Easier by far is hoisting an outhouse with a backhoe. I have seen an outhouse motoring down the main road of Matinicus Island at a jaunty angle, high in the air, in the bucket of Danny’s backhoe. It was headed for service at a remote beach wedding, and resembled nothing so much as a parade float. Don’t ask too many questions on that one.
Readers of these lines may recall a previous offering having to do with the unexpected discovery of a hand grenade on Matinicus. Where might an island fire warden store a hand grenade until proper disposal can be arranged? That’s right: securely under lock and key in the backhouse.
Despite what you may have heard, I have never seen an actual, in-use outhouse get maliciously tipped, by the way. You will read no stories about such shenanigans here. I did learn, in my research into local one-room school history for my book Island Schoolhouse, about the Bad Boys of the past (some of whom have grown up to run for a selectman and such). They’d get a big laugh out of tossing a cherry bomb firework under the outhouse while their teacher was at rest inside. Such stories, told with a twinkling eye, are an honored part of island lore.
It has become almost a point of pride on this island how some Internet subscribers make the observation that they have “high-speed wireless and an outhouse.” It is not for me to name names.
Not everybody has the best of luck with an outhouse, however. We had one burn to the waterline, as it were, a few years back. Somebody hurrying to leave the island scrambled quickly through the list of housekeeping chores for the rented cottage and innocently dumped the wood stove ashes down the outhouse hole immediately before departing on the last flight of the day. A tiny ember, theretofore unnoticed, ignited a piece of T.P., and next thing we knew they had to bring out the fire truck.
Of course, an outhouse has the potential to be quite refined. Not many years ago, 12 ladies of a respectable age on this island disrobed discreetly behind the rosebushes to create a fund-raising calendar for the island church. One of them was photographed reading the New York Times Review of Books while seated comfortably on a one-holer, the privy door cast wide open to admit the summer sun and twinkling blue ocean breeze. And back when I was a student at the University of Maine at Orono, I had a classmate, a grandmotherly commuter student named Philippa from Orrington or Eddington or Beddington or somewhere, who mentioned having a crystal chandelier in her outhouse. We were provided no details on whether it was wired for electricity.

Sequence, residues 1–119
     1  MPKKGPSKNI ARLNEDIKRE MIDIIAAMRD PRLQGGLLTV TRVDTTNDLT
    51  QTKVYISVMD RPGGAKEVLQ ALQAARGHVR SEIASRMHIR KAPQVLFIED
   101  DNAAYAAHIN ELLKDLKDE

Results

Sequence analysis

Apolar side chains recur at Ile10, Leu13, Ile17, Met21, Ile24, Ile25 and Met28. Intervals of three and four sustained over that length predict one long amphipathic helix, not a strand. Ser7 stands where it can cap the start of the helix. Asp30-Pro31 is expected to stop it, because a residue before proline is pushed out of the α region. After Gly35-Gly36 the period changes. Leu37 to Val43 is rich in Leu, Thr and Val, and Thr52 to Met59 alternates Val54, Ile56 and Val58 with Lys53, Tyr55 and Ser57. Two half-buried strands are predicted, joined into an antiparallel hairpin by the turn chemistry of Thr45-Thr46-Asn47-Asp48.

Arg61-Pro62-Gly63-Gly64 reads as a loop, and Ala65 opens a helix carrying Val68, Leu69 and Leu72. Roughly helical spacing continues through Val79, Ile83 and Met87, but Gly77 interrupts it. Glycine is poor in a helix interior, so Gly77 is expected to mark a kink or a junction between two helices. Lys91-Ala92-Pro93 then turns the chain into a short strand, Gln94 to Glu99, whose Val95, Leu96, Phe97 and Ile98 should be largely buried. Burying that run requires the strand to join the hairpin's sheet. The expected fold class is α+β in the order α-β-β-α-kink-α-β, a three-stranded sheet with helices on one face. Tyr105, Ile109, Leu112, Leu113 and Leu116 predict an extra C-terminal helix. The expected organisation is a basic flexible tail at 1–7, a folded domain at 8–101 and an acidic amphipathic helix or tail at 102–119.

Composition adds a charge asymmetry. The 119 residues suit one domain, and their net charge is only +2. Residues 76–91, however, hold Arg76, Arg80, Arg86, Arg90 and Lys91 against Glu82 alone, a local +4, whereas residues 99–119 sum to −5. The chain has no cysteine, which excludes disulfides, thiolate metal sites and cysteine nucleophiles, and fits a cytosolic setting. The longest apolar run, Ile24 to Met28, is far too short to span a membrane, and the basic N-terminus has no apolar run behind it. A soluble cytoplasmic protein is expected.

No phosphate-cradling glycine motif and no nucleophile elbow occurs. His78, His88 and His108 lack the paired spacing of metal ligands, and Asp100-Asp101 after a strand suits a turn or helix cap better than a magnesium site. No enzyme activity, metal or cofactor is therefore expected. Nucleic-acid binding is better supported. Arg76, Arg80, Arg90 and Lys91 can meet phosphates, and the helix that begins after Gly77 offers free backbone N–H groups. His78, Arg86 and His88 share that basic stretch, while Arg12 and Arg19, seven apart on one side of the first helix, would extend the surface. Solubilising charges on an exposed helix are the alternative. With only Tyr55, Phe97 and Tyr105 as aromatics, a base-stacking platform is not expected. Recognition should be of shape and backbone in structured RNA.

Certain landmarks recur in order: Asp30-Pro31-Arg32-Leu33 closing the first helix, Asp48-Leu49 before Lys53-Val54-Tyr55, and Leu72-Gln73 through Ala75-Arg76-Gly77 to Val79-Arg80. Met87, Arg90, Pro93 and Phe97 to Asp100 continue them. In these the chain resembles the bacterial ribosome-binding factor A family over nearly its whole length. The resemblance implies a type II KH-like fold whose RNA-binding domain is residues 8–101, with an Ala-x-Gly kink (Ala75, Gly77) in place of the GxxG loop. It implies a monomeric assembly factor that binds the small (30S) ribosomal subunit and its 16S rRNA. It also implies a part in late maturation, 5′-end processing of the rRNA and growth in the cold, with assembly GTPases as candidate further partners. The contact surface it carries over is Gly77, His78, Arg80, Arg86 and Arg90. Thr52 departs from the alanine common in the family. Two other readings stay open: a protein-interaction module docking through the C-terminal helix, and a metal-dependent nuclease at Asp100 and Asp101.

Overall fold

Back to the legal fine print: in the interest of journalistic professionalism I felt obliged to perform a quick Internet survey prior to responding to my friend’s original inquiry. I typed in the question, “Are outhouses legal in Maine?” just to see what would come up. The result included screeds by several cranks who raged that any municipality requiring a free man to install a septic system is plotting to “tax” the people into helpless submission. Yup, maybe we do need to worry that the Black Helicopters are coming for our outhouses.
That actually might be the best way to move one, should the need arise again.
Eva Murray lives year-round on Matinicus Island. Her latest book, Island Schoolhouse: One Room for All (Tilbury House), was published in September 2012.